The most common reason for systematic error in the grism flux data is mis-alignment of the slit during the observation. Since the width of the FORCAST slits are smaller than the SOFIA PSF in general, the slit only “samples” a fraction of the flux from the source. The FORCAST pipeline accounts for this “loss” automatically for each grism using a default PSF model. However, if the target is not centered on the slit during the observation, or if the image quality is poor, there can be an additional loss that is not accounted for in the pipeline processing. These additional “slit losses” can be assessed and “fixed” using trusted absolute photometry from the same spectral region. For the sample data, we also have photometric fluxes for each grism band pass which we use to compare to the grism spectra below.

[17]:
# Create a table of values for the photometry
filters = ["F064", "F111", "F197", "F315"]
waves = [6.34774, 11.0888, 19.6993, 31.3615]  # microns
delwaves = [0.14, 0.95, 5.5, 5.7]  # filter bandpass (FWHM, microns)
fluxes = [12.854, 26.778, 47.129, 77.264]  # Jy
relerrs = [0.063705, 0.073197, 0.063439, 0.089142]  # absolute uncertainty (ratio)


phot = Table(
    [filters, waves, fluxes, relerrs, delwaves],
    names=("filter", "wave", "flux", "relerr", "delwave"),
    meta={"name": "Photometry Data Table"},
)

phot["wave"].unit = "micron"
phot["delwave"].unit = "micron"
phot["flux"].unit = "Jy"

# Now plot all grism data together as a line plot, using semi-log (x-axis)
fp = "tab:blue"
plt.figure(figsize=(15, 10))
plt.semilogx(g063["wavelength"], g063["flux"], label="G063")
plt.semilogx(g111["wavelength"], g111["flux"], label="G111")
plt.semilogx(g227["wavelength"], g227["flux"], label="G227")
plt.semilogx(g329["wavelength"], g329["flux"], label="G329")


plt.errorbar(
    phot["wave"],
    phot["flux"],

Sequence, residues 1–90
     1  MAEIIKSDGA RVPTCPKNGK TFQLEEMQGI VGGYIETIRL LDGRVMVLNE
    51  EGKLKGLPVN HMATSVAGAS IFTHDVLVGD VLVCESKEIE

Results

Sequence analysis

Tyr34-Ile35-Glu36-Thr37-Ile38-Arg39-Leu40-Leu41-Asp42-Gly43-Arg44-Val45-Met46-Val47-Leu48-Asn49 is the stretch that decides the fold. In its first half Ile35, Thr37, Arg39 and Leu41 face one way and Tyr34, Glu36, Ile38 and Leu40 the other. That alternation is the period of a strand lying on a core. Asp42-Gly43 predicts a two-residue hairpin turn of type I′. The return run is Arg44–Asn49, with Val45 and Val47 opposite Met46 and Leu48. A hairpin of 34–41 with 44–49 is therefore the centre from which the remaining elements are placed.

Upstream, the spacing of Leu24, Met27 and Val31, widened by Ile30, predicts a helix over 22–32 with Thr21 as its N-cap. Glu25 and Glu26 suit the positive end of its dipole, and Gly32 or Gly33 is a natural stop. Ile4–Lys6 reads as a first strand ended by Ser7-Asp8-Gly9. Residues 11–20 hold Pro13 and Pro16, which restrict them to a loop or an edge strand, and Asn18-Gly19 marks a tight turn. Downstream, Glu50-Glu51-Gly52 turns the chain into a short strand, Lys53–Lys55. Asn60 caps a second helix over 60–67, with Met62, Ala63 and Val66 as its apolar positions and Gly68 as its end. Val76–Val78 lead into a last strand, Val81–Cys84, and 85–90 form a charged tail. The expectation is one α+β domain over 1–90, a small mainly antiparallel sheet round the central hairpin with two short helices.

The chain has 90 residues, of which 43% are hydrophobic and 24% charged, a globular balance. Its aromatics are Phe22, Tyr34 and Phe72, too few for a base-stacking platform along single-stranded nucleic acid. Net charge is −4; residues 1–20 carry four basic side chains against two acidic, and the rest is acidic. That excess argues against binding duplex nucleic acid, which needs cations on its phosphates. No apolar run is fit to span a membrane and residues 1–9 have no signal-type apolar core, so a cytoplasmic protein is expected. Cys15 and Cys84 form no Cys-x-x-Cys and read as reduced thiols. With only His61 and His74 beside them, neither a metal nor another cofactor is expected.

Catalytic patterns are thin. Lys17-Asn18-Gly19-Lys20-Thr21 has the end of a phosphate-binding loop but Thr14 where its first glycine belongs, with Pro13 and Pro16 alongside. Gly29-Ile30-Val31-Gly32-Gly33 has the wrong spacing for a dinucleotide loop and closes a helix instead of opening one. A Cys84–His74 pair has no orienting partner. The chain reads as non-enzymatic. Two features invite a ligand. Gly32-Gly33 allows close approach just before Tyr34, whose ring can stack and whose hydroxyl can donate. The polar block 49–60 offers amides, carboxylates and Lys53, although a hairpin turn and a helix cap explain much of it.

xerr=0.5 * phot["delwave"],
    yerr=phot["flux"] * phot["relerr"],
    fmt="o",
    color=fp,
    label="Photometry",
)

plt.title("AB Aur")
plt.xlabel("Wavelength ($\mu$m)")
plt.ylabel("F$_v$ (Jy)")
plt.legend();
_images/FORCAST-Grism_Inspection_40_0.png

The grism spectra match up very well with the photometry except for G329 which appears too low, most likely due to slit misalignment during the observation. Assuming the losses are independant of wavelength, the grism data can be shifted up to match the photometric value by simply averaging the grism data (weighted by the filter transmission), calculating the offset between the average grism flux and the photometric flux, and applying that offset to the grism flux data. Filter transmission curves can be found in the FORCAST Observers Handbook, which is available from the SOFIA Proposal Resources page.

[18]:
# read in filter transmission file from SOFIA website.
f315 = Table.read(
    "https://www.sofia.usra.edu/sites/default/files/31pt5mu.txt",
    format="ascii",
    names=("wave", "trans"),
)


# re-bin transmission onto our grism data wavelength grid and save in new array.
f315_wts = np.interp(g329["wavelength"], f315["wave"], f315["trans"])

# and now plot flux and response  together
fig, ax1 = plt.subplots(figsize=(15, 10))

ax1.set_xlabel("Wavelength ($\mu$m)")
ax1.set_ylabel("F$_v$ (Jy)")
ax1.errorbar(
    g329["wavelength"], g329["flux"], yerr=g329["error"], fmt="o", label="Flux"
)
plt.legend(loc="lower left")

color = "tab:red"
ax2 = ax1.twinx()  # instantiate a second axes that shares the same x-axis
ax2.set_ylabel("F315 Filter Transmission", color=color)
ax2.plot(
    g329["wavelength"],
    f315_wts,
    color=color,
    linestyle=":",
    label="Filter Transmission",
)
ax2.tick_params(axis="y", labelcolor=color)